None of the Confederates had ever visited New York before they arrived to burn it down. They did no scouting to find the most flammable targets. Just days before the attack, one of the Confederates was thrown out of his hotel for loudly proclaiming in his Alabama-born accent the merits of secession. None of the young men had any experience with incendiaries, yet they trusted a stranger to provide them 144 firebombs. When they took possession of the firebombs, they spent only a few minutes practicing with them – out in the open, in the daytime, in Central Park.
It was lucky for Manhattan these Confederates so thoroughly bungled their mission on November 25. Had these six young men from Kentucky, Virginia, and Louisiana been more professional, New York City would have been in ashes on November 26.
Even the planning for such a lofty goal as destroying The Emerald City (its nickname in 1864) was slipshod.
The Confederacy’s primary political goal in the summer of 1864 was creating a Northwest Confederacy from Indiana, Illinois and Ohio. While converting Illinois, the home state of President Abraham Lincoln, to the Confederate side sounds preposterous, The Confederacy was hopeful because the southern counties of Illinois, Ohio, and Indiana had retained strong Southern sympathies and had not voted for Lincoln in 1860.
Confederate President Jefferson Davis believed a second war front behind Northern lines was possible when he received secret, coded letters claiming as many as 490,000 Copperheads, the nickname of anti-Lincoln Democrats, were waiting in those states for someone with military skills to form them into an army.
Acting on those letters, Davis set up The Confederate Secret Service under the command of former U.S. Congressman Jacob Thompson in the spring of 1864 to operate out of Toronto, Canada. The Canadian government did not care what Confederate agents did within its borders as long as no Canadian laws were violated. Several Confederates, who had been good battlefield spies, slipped across the Canadian border and traveled to Chicago, site of the September Democratic Party presidential convention. For several months the Confederate agents waited in anticipation of that Copperhead army arising to free 17,000 Confederate prisoners kept in camps at Camp Douglas, south of Chicago and in Rock Island, Illinois.
In the Confederacy’s view of a perfect world, this new army of freed Confederate soldiers and disgruntled civilian Midwesterners would force President Lincoln to pull his armies out of the South and reposition them in the Midwest. Meanwhile, the Democratic convention would nominate a sue-for-peace presidential candidate. That candidate would defeat Lincoln once a casualty-weary nation realized that the Confederacy was no longer contracting, and had opened a new front in the North.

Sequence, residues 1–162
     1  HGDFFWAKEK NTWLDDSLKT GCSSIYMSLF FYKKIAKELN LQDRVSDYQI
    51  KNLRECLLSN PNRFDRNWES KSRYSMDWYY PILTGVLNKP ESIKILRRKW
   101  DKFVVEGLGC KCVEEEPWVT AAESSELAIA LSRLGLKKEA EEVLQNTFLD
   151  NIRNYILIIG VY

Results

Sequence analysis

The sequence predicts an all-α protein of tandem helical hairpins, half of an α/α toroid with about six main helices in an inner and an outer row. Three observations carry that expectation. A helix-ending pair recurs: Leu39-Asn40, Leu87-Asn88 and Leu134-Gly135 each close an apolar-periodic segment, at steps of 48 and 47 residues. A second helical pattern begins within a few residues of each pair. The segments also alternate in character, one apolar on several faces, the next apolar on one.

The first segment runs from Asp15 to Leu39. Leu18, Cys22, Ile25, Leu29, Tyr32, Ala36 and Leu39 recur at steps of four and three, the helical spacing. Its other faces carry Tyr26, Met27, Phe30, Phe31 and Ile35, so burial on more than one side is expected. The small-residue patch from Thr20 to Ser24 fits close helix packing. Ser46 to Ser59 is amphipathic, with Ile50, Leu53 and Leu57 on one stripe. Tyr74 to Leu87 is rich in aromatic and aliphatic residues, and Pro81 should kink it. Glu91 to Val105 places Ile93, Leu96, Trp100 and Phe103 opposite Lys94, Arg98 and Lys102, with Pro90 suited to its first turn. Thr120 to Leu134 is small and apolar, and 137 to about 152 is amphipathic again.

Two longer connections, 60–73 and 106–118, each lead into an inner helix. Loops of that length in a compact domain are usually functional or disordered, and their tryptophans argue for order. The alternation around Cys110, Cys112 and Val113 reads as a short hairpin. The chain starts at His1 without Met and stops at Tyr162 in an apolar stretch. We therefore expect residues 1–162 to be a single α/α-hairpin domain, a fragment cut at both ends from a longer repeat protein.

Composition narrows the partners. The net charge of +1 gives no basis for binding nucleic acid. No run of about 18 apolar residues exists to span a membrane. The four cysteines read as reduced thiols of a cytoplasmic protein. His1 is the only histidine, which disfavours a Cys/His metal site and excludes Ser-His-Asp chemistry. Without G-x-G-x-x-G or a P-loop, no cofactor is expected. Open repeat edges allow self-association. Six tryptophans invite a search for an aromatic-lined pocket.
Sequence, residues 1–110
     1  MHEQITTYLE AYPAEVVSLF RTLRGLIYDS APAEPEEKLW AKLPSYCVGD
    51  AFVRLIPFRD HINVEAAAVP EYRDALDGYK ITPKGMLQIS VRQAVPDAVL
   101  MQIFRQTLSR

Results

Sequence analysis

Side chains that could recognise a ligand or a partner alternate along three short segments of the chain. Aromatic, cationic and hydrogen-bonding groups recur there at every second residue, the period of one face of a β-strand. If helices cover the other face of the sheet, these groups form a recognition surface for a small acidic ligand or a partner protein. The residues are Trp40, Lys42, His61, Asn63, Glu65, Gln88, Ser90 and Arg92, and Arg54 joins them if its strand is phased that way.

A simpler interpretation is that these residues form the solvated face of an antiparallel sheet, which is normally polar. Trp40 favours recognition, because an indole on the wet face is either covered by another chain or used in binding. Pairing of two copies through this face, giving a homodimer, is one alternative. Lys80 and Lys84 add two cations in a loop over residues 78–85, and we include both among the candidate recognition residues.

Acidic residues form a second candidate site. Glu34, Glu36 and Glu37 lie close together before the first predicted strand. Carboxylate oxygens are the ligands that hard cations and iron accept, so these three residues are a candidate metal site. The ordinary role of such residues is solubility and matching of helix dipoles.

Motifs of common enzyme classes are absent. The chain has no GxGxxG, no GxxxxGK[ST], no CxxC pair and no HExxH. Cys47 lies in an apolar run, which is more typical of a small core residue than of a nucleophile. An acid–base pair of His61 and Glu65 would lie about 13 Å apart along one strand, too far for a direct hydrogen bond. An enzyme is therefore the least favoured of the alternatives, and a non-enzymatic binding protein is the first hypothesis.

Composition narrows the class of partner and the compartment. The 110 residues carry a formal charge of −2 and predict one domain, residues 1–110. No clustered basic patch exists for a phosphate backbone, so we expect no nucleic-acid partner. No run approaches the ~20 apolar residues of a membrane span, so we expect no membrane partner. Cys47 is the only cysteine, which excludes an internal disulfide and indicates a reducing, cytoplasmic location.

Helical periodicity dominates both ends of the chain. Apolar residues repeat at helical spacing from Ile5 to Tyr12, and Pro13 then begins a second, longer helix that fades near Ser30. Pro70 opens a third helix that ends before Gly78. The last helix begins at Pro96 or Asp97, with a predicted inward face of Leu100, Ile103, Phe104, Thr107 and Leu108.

That idea fell apart when no army of Copperheads arose. The Confederate agents literally sat in their hotel rooms all through August and September waiting for that army that never materialized.
The whole idea of a Northwest Confederacy and a Confederate army made up of dissatisfied Midwesterners was ridiculous. Had 490,000 Northern civilians actually formed a secret Confederate army, such a force would have been five times the size of the Union Army of the Potomac, and eight times the size of Robert E. Lee’s Army of Northern Virginia in 1864. It was a fantastic pipe dream that Davis believed.
Unable to create a Northwest Confederacy, free the Confederate prisoners, or influence the Democratic presidential choice, the Confederate Secret Service turned to another lofty goal – disrupting Lincoln’s reelection on November 8.
This new plan was just as bold; send agents back across the border to set fires on Election Day in Chicago, Cincinnati, Boston and New York City. The assumption was, like before, that the Union’s citizens would be so shocked and demoralized that the Confederacy could strike throughout the North in so many places simultaneously, that they would demand Lincoln – or Gen. George McClellan, his Democrat opponent for president – start peace negotiations.
It has been lost to history as to who ordered the attack on New York City. It may have been Thompson’s idea, or he may have followed an order from Jefferson Davis. What is known is that on October 15, 1864, an unusual editorial appeared in the Richmond Whig newspaper calling for Confederates to retaliate against Northern cities for the recent destruction of hundreds of farms in Virginia’s Shenandoah Valley. The editorial called on agents in Canada to “burn one of the chief cities of the enemy, say Boston, Philadelphia, or Cincinnati, and let its fate hang over the others as a warning of what may be done to them, if the present system of war on the part of the enemy is continued.” Later in the editorial there was a cryptic line discussing what would happen if the Federals retaliated against a Southern city such as Charleston or Richmond: “New York is worth twenty Richmonds.”
Two, young, but battle-experienced Confederate officers were put in command of the New York City operation. Lieutenant Colonel Robert Martin, 24, and Lieutenant John W. Headley, 24, both veteran officers under famed Kentucky cavalry General John Hunt Morgan, had been specifically ordered from Virginia to Canada to undertake whatever operations Thompson conceived. They were joined by six other Confederate officers, all of whom had escaped from Union prison camps before making their way into Canada. All but one of those men, Lieutenant Robert Cobb Kennedy, the oldest at 29, had also ridden with Morgan.
Eight Confederate officers, about to embark on the most ambitious secret mission of the war, apparently underwent no spy craft training while in Toronto. Headley, who wrote a 1905 book about his exploits, made no mention in his text of practicing in the open spaces of Canada with Greek fire, the spontaneously combustible chemical compound selected as the weapon to burn the city. They were told a contact would give them the chemical firebombs once they arrived in Manhattan.